Anti-Airbnb coalition aims to counter sharing campaign

The Share Better coalition of elected officials, housing groups and community activists has launched a PR campaign to counter Airbnb current ad campaign.
Source: ShareBetter
The Share Better coalition of elected officials, housing groups and community activists has launched a PR campaign to counter Airbnb current ad campaign.

A coalition of New York politicians, housing advocates, labor groups and hotel owners on Friday launched a $3 million campaign against Airbnb and other websites that facilitate "illegal hotels," a spokesman for the organization said.

The group, called Share Better, aims to counter the Airbnb media campaign that features upbeat stories of regular people renting out their homes and sharing meals or other experiences with their guests.

"We cannot sit by while illegal hotel operators and unscrupulous landlords further exacerbate New York City's housing crisis by taking units off the market to rent to travelers, while NYC residents are priced out of the neighborhoods they call home. Illegal hotels place residents and visitors at risk and must be stopped," state Sen. Brad Hoylman said in a statement that also featured remarks from Manhattan Borough President Gale Brewer, New York City Public Advocate Letitia James, state Sen. Liz Krueger, seven other City Council members and several housing officials.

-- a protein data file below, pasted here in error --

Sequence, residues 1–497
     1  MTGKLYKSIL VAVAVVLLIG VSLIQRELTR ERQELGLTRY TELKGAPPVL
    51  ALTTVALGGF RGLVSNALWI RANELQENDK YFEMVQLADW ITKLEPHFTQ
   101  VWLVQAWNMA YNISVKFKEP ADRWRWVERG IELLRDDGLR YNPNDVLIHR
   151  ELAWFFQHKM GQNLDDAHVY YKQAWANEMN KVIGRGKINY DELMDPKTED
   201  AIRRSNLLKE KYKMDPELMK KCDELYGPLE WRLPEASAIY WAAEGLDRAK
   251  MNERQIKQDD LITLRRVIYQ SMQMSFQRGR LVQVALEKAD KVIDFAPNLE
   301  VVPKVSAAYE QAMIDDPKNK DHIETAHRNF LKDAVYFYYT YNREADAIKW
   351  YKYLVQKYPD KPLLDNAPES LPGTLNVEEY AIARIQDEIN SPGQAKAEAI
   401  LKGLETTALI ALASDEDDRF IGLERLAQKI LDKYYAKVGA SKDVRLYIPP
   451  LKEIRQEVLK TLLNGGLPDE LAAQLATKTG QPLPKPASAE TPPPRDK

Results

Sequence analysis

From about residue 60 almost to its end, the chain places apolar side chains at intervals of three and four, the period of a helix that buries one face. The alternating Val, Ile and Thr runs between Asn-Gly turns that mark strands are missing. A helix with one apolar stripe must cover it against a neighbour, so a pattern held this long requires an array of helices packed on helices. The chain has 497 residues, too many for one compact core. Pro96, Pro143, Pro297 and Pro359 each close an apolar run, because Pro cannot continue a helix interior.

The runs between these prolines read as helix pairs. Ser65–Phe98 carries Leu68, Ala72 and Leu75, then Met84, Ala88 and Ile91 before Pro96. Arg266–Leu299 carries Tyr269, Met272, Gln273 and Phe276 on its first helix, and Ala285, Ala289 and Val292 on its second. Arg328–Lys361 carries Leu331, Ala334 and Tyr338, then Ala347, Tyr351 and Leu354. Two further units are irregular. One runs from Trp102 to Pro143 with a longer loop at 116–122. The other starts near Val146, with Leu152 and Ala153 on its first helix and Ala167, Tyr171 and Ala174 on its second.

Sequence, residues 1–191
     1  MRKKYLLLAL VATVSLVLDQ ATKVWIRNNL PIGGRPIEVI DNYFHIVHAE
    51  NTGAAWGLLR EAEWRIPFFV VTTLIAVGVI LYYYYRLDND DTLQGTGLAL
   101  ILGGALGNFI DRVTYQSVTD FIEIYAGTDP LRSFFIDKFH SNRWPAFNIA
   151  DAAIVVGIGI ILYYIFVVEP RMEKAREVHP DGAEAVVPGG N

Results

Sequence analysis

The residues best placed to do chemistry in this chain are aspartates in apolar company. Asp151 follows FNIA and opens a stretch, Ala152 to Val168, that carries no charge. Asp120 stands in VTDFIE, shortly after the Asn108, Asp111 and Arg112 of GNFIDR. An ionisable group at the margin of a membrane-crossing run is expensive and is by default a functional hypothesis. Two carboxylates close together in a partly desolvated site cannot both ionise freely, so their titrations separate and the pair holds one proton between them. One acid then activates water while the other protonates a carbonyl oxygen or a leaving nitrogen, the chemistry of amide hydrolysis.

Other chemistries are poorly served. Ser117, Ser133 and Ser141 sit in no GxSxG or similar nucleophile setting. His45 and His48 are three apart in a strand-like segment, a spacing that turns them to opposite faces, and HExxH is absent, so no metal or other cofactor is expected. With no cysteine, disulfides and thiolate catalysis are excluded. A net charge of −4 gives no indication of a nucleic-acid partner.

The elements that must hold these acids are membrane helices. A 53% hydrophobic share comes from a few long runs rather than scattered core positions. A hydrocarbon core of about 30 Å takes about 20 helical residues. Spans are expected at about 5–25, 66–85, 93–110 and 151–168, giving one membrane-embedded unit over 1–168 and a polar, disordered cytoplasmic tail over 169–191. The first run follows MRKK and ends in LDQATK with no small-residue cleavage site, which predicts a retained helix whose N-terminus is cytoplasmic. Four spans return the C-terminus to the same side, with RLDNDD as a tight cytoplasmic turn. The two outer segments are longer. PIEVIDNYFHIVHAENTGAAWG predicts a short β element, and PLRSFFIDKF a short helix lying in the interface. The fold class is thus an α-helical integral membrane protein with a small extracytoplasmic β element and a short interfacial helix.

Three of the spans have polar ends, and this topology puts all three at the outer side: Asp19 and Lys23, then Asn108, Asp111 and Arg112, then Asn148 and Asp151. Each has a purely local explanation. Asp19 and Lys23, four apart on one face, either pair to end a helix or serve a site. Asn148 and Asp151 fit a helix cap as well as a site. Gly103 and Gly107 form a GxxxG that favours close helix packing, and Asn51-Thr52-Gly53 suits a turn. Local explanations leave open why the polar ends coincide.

Airbnb on its public policy blog posted a response, stating there are "3 million households in New York City and approximately 25,000 Airbnb listings, far too few to have an effect on housing prices."

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"We strongly oppose illegal hotels, and we are a company founded on the belief that housing should be more accessible, more affordable and more available. We have worked to remove people from Airbnb that were having an adverse effect on travelers and the New York community," Airbnb states in its response.

"Earlier this year, we examined our community in New York and found that some property managers were abusing our site with multiple listings and weren't providing a quality, local experience to guests. These hosts weren't making their neighborhood stronger and they weren't delivering the kind of hospitality our guests expect and deserve. We took action and removed these hosts and their more than 2,000 listings from the Airbnb community."

Earlier this month, Airbnb was sued by a group of its users who hope to prevent the site from turning over their personal information in compliance with a court order related to New York Attorney General Eric Schneiderman's probe of illegal hotel operations in New York City. That case focuses on a city law that prohibits residents of multiple-dwelling buildings from renting out their apartments for any period of time less than 30 days unless they are also present in the apartment.